uid interface advances towards the arc and becomes susceptible for disturbances in the arc formation. As current increases again in the subsequent pulse, the growth of dendrites can also occur. Current pulsing also results in periodic variations of the arc forces resulting in additional fluid flow, which lowers the temperature in front of the solidifying interface. Furthermore, the temperature fluctuations inherent in pulsed welding leads to a continual change in the weld pool size and shape favoring growth of new grains. It is to be understood that effective heat input for unit volume of weld pool should be considerably less in pulse current welds and thus expecting the average weld pool temperatures to be low [6]. A weldment basically consists of five microstructurally distinct regions normally identified as fusion zone, unmixed region, partially melted region, HAZ, and unaffected base metal. The HAZ is the portion of weld joint which experiences peak temperatures high enough to produce solid-state microstructural changes but they are too low to cause any melting. Every point of the weldment in the HAZ relative to the fusion line is subjected to unique thermal experience during welding, in terms of both maximum temperature and cooling rate. Thus, each point has its own microstructural features and corrosion susceptibility. Partially melted region extends usually one or two grains into the HAZ relative to the fusion line. It is characterized by grain boundary liquation, which may result in liquation cracking. An increase in the pulse frequency refines grain structure of weld metal using pulses of short duration. At a given frequency, long pulse duration produces coarser grain structure than shorter pulse duration. Further increase in the peak current leads to coarseness of grain structure [7]. Taguchi method is a powerful tool for design of high-quality systems, widely used for improving quality without increasing cost and with minimum experimentation. It provides a simple, efficient and systematic approach to optimize designs for performance, quality and cost. This method is valuable when process parameters are qualitative and discrete. The parameter design based on the Taguchi method can optimize the quality characteristics through the settings of process parameters and reduce the sensitivity of the system performance to the sources of variation [8]. In fact, Taguchi method had been designed to optimize a single quality characteristic. However, Modified Taguchi method (MTM) is used for several quality characteristics taken together into consideration for selection of process parameters [9,10].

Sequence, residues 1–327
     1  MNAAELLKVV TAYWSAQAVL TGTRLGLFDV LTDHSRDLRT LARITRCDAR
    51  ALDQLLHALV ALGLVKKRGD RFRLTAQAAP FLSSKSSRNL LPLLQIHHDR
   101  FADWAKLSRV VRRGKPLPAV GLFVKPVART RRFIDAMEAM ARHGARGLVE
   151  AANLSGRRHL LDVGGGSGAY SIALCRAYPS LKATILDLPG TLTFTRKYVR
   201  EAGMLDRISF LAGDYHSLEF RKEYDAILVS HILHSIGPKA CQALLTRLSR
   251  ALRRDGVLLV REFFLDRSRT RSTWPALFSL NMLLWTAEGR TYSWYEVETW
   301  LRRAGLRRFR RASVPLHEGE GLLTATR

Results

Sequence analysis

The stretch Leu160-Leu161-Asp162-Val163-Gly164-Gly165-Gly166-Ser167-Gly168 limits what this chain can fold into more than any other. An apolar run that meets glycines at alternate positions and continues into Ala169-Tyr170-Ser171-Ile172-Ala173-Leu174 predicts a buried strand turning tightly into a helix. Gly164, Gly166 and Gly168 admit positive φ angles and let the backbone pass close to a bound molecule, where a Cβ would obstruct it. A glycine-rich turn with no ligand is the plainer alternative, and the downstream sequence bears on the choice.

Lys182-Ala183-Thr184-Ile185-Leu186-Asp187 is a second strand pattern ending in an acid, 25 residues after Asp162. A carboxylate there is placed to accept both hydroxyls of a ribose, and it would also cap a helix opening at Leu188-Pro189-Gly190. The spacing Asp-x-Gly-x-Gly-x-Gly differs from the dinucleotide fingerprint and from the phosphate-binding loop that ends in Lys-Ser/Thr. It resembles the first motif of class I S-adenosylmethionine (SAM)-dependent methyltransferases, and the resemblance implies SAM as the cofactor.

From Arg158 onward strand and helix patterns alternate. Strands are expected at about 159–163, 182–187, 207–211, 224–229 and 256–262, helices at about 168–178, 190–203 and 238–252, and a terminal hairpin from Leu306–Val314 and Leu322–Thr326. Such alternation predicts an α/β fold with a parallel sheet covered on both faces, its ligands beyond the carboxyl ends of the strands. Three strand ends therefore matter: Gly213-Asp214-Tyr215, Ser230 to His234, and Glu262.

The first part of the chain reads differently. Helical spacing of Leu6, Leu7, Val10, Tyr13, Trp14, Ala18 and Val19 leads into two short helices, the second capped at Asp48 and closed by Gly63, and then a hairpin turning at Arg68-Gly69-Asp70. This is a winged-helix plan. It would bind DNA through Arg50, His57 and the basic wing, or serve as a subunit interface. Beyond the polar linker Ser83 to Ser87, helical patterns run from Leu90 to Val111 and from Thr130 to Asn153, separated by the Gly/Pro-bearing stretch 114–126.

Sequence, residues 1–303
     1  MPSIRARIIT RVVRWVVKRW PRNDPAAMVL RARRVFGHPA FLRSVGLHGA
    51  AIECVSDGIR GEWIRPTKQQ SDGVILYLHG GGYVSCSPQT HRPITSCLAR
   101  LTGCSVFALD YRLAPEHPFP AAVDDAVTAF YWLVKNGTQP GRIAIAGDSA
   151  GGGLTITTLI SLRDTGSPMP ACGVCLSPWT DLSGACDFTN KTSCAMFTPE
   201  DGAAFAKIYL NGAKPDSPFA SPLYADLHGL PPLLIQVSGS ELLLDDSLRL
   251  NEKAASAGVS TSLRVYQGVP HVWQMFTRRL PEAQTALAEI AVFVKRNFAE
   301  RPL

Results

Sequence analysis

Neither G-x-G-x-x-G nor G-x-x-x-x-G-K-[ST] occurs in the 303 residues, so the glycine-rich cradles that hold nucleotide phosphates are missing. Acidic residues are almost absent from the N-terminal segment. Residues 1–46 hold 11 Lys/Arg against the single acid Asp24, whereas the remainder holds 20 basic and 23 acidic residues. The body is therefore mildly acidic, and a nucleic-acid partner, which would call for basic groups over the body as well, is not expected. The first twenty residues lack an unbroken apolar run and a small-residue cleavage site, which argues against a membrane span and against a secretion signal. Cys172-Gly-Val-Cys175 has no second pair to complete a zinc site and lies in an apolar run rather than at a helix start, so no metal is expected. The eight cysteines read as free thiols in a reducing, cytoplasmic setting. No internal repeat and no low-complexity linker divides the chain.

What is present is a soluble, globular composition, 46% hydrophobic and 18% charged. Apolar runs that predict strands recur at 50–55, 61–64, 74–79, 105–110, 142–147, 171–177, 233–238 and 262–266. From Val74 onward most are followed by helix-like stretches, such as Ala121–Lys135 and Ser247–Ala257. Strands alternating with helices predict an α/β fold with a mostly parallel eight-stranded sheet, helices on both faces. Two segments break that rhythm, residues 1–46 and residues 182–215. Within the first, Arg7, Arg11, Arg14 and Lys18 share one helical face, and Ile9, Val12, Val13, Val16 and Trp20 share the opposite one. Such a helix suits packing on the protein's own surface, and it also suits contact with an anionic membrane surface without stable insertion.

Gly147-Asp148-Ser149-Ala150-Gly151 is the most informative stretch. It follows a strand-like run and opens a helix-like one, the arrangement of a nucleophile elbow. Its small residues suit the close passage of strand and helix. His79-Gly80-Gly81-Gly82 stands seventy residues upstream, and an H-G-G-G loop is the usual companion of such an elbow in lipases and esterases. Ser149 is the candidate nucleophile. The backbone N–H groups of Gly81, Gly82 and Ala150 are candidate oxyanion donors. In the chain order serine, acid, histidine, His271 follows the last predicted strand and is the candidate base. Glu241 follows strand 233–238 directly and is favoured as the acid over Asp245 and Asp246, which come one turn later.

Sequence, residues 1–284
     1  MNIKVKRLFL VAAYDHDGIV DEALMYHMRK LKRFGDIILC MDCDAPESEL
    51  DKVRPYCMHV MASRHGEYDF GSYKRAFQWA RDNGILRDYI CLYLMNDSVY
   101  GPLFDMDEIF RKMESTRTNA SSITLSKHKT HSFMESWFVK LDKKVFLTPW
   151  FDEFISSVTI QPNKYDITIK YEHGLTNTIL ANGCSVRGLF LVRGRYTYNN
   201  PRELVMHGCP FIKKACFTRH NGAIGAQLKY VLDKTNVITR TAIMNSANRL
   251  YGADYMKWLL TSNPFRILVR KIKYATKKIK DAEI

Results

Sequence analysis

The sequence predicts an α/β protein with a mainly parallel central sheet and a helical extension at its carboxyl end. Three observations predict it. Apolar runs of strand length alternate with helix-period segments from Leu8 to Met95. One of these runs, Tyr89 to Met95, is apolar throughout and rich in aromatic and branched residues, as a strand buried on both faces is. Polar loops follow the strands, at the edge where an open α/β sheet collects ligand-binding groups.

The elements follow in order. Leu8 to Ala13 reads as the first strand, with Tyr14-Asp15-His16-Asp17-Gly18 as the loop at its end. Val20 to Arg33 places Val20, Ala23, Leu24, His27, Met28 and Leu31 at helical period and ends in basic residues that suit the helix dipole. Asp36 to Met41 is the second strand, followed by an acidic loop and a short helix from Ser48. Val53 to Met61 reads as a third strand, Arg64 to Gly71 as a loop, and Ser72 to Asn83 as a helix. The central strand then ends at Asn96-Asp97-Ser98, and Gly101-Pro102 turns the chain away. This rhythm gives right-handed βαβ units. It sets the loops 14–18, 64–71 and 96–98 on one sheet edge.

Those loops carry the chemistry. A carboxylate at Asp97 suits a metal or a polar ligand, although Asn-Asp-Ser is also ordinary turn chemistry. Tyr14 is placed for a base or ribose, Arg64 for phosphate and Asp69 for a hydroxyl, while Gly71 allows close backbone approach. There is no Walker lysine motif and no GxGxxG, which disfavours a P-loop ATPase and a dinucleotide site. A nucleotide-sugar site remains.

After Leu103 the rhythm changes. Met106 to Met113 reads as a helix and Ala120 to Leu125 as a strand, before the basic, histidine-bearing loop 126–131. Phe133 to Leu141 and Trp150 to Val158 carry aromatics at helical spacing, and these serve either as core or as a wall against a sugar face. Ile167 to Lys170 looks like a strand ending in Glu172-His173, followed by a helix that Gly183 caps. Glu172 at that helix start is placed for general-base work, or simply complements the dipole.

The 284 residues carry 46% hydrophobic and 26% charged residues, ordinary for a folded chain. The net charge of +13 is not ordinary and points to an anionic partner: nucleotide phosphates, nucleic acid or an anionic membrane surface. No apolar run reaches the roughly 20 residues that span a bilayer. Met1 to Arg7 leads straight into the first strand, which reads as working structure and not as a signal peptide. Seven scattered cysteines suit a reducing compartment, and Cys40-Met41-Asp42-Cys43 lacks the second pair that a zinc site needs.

mm shielded by argon gas is used to strike the arc with base metal. Filler rods (31.5 mm ) of Aluminium alloy 5183 are recommend for welding of this alloy for getting maximum strength and elongation. The chemical composition of base metal and filler rod are tabulated in Table 1. Sample plates of size 300 150 5 mm were prepared by milling and EDM wire-cut machines. Welding of the samples was carried out on Automatic Pulse GTAW Triton 220 V AC/DC. In order to remove oil, moisture and oxide layer from base metal, they were thoroughly wire brushed, cleaned with acetone and preheated at 150C in the oven. The quality of weld is based on the process parameters, such as pulse current in the range of 150 210 A, base current in the range of 75 - 135 A, pulse frequency in the range of 50 - 150 Hz, pulse-on-time in the range of 30% - 90% and percentage of He in Ar + He mixtures in a range of 10% - 50%. Tensile specimens of required dimension as per ASTM E8M were separated out from welded coupon plates and tests were carried out on 400 kN computer controlled Universal Testing Machine. The specimens were loaded at the rate of 1.5 kN/minute as per ASTM specifications, so that the tensile specimen undergoes deformation. All specimens finally fail after necking and the influence of load on displacement profile was recorded. Higher the tensile properties have better quality characteristics. At the same time for microhardness measurement, samples of transverse cross-section of joint were taken from the weld coupons. The specimens formicrostructural characterization were mechanically polished using 220, 320, 400, 600 and 1000 grit waterproof SiC emery papers and alumina grade-II paste. Microhardness tests were carried out on a Leco Digital Microhardness Tester with 50 gf load and 15 second dwell time incorporated with diamond indenter. Final polishing was carried out using 3 and 1 m diamond paste. To reveal the macrostructures of the welded sample, deep etching technique using 10% HF acid solution in water was used. However, for further revealing of microstructures, Kellers reagent was used as etchants. Metallurgical microscope coupled with Image Analysis system was used for the microstructural characterization and to measure the porosity level in the weldment.